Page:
Arizona health officials say hundreds of low-income people with HIV/AIDS could lose access to anti-HIV medications if state lawmakers adopt a Republican-backed budget proposal that would cut funding for Arizona's AIDS Drug Assistance Program by half. The budget calls for an allocation of just $500,000 to the ADAP, down from about $1 million this year. "This is one that is really amazing they would consider cutting, given the severe side effects of the illness," said Leslie Schwalbe, the state Department of Health Service's deputy director. "Those individuals would lose pharmaceutical treatment, and it would seriously endanger their lives."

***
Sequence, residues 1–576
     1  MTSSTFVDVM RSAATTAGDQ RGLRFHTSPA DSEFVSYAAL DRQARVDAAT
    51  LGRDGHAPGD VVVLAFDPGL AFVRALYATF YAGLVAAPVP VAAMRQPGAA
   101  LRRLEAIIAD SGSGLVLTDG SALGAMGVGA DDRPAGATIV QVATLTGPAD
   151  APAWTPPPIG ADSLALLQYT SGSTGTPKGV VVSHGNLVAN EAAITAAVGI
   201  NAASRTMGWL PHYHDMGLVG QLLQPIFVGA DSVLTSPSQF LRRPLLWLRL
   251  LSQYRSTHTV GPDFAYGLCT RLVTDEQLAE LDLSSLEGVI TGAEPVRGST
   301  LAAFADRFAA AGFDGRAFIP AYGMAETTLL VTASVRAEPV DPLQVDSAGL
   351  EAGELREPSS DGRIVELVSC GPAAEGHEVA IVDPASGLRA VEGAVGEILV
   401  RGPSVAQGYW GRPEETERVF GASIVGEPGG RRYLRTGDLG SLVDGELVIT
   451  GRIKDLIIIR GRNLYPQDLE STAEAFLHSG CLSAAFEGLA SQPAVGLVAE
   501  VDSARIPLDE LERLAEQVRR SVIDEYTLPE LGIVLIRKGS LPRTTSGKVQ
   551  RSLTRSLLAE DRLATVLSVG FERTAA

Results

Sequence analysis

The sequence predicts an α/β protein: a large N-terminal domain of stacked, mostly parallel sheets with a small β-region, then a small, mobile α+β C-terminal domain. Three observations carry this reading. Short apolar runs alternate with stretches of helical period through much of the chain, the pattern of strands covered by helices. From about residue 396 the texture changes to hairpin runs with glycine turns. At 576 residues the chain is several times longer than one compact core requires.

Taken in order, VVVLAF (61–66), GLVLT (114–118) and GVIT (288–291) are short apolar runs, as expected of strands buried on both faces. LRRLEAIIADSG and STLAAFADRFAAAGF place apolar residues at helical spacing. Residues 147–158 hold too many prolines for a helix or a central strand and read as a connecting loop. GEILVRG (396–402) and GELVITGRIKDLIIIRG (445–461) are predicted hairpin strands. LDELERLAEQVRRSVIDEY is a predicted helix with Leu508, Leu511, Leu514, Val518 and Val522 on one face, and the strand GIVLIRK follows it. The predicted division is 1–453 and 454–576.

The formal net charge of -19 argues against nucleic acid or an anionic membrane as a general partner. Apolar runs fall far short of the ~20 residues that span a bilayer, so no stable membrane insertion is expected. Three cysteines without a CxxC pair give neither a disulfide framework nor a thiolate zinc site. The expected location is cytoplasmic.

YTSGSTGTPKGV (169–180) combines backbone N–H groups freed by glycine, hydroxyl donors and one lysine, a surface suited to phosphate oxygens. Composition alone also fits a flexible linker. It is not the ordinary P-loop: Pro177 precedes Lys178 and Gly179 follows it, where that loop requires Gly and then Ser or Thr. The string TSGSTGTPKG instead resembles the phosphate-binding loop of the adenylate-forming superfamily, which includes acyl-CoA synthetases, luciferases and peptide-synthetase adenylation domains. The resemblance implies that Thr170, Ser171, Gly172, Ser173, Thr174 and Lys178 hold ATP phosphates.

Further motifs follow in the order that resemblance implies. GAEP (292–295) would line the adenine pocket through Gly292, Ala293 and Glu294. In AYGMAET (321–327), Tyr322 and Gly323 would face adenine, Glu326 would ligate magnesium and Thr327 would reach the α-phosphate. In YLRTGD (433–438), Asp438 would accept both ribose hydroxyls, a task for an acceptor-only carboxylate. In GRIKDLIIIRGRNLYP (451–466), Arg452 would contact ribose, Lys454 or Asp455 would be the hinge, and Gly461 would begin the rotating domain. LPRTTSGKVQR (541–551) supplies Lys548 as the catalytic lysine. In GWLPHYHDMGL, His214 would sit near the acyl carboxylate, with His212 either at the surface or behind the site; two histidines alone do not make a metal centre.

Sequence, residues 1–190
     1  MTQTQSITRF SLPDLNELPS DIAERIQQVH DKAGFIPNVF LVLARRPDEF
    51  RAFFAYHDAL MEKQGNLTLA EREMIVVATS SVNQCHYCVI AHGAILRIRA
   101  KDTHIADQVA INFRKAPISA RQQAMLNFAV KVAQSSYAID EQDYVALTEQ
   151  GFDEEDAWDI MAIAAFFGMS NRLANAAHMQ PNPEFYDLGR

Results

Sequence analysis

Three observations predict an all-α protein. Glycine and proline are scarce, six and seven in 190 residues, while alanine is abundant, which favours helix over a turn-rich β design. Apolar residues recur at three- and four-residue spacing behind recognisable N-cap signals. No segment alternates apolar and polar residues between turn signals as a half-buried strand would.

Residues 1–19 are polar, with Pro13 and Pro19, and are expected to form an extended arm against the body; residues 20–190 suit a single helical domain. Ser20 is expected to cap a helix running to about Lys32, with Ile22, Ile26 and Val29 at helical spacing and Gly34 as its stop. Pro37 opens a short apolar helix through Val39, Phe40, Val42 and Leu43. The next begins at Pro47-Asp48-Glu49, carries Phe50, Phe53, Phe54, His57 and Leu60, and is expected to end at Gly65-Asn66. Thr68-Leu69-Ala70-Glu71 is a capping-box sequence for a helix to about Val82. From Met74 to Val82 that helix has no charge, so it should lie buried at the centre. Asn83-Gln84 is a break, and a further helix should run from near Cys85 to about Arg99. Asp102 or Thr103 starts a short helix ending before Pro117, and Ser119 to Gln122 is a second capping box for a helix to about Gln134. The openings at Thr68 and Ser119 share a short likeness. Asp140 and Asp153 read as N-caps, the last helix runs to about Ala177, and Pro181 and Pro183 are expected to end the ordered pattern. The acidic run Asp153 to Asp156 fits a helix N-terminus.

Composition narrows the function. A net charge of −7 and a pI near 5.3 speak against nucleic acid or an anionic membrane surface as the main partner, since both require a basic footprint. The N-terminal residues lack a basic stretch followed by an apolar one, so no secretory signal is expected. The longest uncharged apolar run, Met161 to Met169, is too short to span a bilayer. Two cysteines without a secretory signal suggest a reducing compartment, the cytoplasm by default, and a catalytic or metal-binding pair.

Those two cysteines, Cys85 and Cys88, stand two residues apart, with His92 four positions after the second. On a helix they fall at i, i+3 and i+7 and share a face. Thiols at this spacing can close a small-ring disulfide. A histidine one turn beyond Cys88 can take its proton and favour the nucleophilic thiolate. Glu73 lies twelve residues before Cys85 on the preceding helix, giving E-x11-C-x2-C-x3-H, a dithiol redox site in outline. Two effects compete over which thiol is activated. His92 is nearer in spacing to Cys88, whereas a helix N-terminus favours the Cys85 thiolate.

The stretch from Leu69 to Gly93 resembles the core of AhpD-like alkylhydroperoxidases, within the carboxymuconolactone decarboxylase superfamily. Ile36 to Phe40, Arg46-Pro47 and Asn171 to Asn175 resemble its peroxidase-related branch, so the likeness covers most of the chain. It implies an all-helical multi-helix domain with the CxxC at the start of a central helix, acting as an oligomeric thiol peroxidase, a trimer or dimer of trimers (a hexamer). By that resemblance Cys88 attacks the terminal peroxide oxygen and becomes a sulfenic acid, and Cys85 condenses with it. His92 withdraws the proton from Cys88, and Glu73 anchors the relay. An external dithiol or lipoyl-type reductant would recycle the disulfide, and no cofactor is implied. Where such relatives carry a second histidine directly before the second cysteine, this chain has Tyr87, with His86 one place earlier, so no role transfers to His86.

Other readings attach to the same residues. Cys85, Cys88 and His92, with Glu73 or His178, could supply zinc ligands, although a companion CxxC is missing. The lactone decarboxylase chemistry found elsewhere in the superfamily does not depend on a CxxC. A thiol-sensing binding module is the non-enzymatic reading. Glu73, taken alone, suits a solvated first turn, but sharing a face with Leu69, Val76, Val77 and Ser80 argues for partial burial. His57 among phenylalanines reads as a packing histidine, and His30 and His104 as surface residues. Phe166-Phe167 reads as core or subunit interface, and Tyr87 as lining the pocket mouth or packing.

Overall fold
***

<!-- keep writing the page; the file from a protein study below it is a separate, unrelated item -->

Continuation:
State health officials said ADAP funding is critical because it helps people who have no other means to pay for medication that can cost individuals $8,000-$15,000 a year. Many of the 780 people currently enrolled in the program are employed, but they do not make enough to pay for the drugs or private health insurance.
The funding cut is part of an overall budget deficit-reduction plan spearheaded by Republicans to eliminate the state's estimated $1 billion deficit in the coming year. But health officials say cutting the ADAP will provide little savings to the state because many HIV-positive people will end up requiring much more expensive hospital and emergency care due to the development of AIDS-related complications. "The bottom line is saving $500,000 is going to come out someplace else because those patients are going to get sick because they can't get the drugs," said Rose Conner, assistant director for public health services at the Department of Health Service.